How did Moshe congregate everyone?  How did he instill unifying humility in the hearts and minds of the formerly prideful, specializing craftspeople who, collectively, built the Mishkan for the Shechinah-HaShems Divine Indwelling? By first commanding them to observe Shabbos and by making the Shabbos concept clear to them.

Just as HaShem did not bless and sanctify the seventh day until all the work was done, until the cosmos was complete and perfect so too He would not allow His Shechinah into the Mishkan until it was complete and perfect. Had one peg anchoring the curtains of the Mishkan’s courtyard been missing or not engineered according to specs, the Divine Indwelling would have remained in the upper spheres. How then could the fabricator of the aron habris-the Ark of the Covenant have felt superior to the peg maker?  One and all the artisans and craftspeople had been an implement, the ax wielded by the Divine Lumberjack.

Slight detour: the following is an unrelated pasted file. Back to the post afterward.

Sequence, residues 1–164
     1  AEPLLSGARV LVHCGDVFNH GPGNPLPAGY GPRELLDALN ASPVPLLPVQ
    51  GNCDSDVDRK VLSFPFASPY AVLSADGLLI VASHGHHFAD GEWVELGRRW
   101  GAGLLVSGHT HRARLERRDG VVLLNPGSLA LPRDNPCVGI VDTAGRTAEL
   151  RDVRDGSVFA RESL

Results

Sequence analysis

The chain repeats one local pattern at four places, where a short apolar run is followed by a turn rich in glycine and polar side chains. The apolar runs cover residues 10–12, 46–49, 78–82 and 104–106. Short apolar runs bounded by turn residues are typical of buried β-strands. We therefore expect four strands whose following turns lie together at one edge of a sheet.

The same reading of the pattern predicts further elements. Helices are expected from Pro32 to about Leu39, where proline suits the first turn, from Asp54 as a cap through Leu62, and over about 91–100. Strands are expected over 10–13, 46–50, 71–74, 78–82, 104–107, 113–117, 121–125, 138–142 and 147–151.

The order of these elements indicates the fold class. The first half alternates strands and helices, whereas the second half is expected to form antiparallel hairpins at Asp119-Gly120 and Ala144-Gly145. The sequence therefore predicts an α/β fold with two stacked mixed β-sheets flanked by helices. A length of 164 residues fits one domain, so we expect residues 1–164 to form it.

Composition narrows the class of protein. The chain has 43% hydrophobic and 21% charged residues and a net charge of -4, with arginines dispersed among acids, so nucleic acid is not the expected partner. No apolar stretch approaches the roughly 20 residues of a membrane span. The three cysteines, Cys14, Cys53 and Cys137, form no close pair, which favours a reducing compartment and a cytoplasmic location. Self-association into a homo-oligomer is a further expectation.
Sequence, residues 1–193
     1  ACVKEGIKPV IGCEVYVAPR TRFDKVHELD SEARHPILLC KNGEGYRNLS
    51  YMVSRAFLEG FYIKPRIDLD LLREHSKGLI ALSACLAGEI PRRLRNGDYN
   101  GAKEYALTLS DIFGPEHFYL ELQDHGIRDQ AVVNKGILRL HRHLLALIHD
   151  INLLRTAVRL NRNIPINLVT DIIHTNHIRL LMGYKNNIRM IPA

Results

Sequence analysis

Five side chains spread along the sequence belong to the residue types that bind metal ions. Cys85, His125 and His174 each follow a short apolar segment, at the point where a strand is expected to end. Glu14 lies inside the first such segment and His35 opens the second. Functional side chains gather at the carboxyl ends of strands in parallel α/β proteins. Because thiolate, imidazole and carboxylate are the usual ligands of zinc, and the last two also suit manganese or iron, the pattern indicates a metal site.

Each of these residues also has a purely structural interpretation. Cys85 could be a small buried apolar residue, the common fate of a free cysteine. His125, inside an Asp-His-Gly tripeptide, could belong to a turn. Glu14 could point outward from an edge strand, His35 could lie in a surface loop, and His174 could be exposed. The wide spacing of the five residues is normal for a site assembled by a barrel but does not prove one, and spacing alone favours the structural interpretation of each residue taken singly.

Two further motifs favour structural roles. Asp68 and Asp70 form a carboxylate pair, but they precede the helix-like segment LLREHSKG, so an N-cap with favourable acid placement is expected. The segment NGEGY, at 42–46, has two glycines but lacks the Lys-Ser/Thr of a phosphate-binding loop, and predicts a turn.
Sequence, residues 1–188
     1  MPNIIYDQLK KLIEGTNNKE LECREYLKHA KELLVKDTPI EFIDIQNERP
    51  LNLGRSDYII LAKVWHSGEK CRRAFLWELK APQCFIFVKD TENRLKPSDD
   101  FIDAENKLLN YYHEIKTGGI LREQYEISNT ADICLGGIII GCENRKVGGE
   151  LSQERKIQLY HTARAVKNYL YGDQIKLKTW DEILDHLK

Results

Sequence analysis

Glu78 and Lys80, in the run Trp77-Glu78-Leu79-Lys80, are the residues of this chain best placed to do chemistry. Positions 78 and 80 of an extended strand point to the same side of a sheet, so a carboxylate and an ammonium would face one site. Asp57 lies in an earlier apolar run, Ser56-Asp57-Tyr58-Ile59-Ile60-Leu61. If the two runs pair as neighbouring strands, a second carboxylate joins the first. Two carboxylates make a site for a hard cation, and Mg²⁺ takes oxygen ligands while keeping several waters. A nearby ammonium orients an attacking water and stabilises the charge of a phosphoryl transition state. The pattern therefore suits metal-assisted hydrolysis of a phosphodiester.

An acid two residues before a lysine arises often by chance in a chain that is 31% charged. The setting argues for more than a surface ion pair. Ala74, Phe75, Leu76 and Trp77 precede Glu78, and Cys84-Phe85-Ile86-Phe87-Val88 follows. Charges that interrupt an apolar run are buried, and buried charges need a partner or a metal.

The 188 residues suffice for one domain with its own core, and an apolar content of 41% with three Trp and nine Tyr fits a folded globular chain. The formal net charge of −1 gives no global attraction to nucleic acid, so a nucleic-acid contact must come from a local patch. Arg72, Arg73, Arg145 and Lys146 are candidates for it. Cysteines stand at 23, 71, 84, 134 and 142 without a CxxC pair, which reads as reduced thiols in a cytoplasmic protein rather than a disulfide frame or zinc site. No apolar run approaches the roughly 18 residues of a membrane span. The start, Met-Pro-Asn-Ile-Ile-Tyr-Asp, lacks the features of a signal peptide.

~adapted from Mei HaShiloach Vayakhel D”H Vayakhel
Nesivos Olam-Nesiv Anavah 1

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Thinking Inside THE Box(es)

Terumah 5774-An installment in the series of adaptations
From the Waters of the Shiloah: Plumbing the Depths of the Izhbitzer School
For series introduction CLICK

By Rabbi Dovid Schwartz-Mara D’Asra Cong Sfard of Midwood

HaShem spoke to Moshe saying: Speak to the children of Israel and have them lift an offering up to Me. Take My offering from anyone whose heart stirs them to give.

-Shemos 25:1

Make an Ark of Shittim-Acacia wood 2 ½ cubits long, 1 ½ cubits wide and 1 ½ cubits high.  Envelop it with a layer of pure gold; it should be covered on the inside and the outside, and make a gold lip all around its top. 

-Shemos 25:10,11